User Interfaces, Design, and Social Factors
People use applications and services on the Web through multiple devices for many purposes: personal information management, work and commerce, entertainment, creativity, and for the creation and management of social relationships. To guide the future of the World Wide Web, we must deepen our understanding of how people interact with devices (of any size), with places, and with each other through the Web.
Papers in this track may study existing and novel Web services through methods such as experiments, formal user studies, surveys, or ethnographies. Evolving user needs also call for the design and development of novel web applications, user interface toolkits and design tools, intelligent adaptive systems, interaction techniques and novel devices to access and contribute to the Web.
Papers in this track may introduce demonstrations and validations of new systems that improve how people create, interact with, adapt and share information online. Finally, to support user understanding and human-centered design, robust user models and well-reasoned experimental and evaluation approaches are needed. This development can help chart the success of the devices, services and applications that are built.
We invite original and high-quality submissions addressing aspects of the design, creation and evaluation of applications and services for the Web. The relevant topics include, but are not restricted to, the following:
• Design and evaluation of novel interaction techniques on the Web
• Studies of social and cooperative application and services
• Design and maintenance of online communities
• User interface toolkits for Web applications
• Novel devices and interfaces for the Web
• User experience on the Web
• Accessibility and usability of Web services
• Mobile web interfaces, interaction techniques, applications and presentation
• Design and evaluation of Web applications in the developing world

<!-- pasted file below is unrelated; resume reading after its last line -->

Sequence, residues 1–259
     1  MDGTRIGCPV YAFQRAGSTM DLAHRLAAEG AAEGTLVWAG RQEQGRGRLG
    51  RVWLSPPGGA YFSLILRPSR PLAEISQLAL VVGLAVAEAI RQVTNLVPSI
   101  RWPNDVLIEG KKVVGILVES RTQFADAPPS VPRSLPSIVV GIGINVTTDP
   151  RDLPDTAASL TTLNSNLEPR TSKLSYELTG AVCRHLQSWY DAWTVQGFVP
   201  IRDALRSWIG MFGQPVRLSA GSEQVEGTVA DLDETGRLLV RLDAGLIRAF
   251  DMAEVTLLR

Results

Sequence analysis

• New methods for user-centered experimentation and evaluation on the Web
• Design, user studies and evaluations of new and existing applications and services, including (but not limited to) :
• Collaborative filtering, and interactive recommendation systems
• Collective intelligence and crowdsourcing interfaces
• Creativity support tools
• Search and sensemaking
• Intelligent and adaptive user interfaces
• Location-based and context-aware applications and services
• Information visualization and visual analytics
• Interactive advertising platforms and applications
• Games and gaming on the Web
How can we understand how people use the Web for work, personal and social activities? How can we use design – of services, interfaces, and devices – to improve the Web for people everywhere? If your work is concerned with such human-centered questions, it belongs in the WWW2012 “User Interfaces, Design, and Social Factors” track.
The World Wide Web Conference (to be held in Lyon, France from April 16-20, 2012) is the premier venue for research on the evolution of the Web, the standardization of its associated technologies, and the impact of those technologies on society and culture. Human-Computer Interaction research greatly contributes to our understanding of the Word Wide Web and it can substantially shape its future. We urge you to submit your strongest work to the conference. As demonstrated by the detailed CFP below, this track will appeal to many HCI subfields and communities. We believe that the HCI research should continue to expand its presence at this important (and highly competitive) venue, to enhance the field’s influence on future Web technologies.
Important dates: Abstract Submission: November 1, 2011, 9pm PST
*Paper Submission: November 7, 2011, 9pm PST*
We hope that you will consider submitting your work to this year’s WWW conference (and as you are start thinking about your paper, please distribute this call in your community).
Track co-chairs: Mor Namaan and Björn Hartmann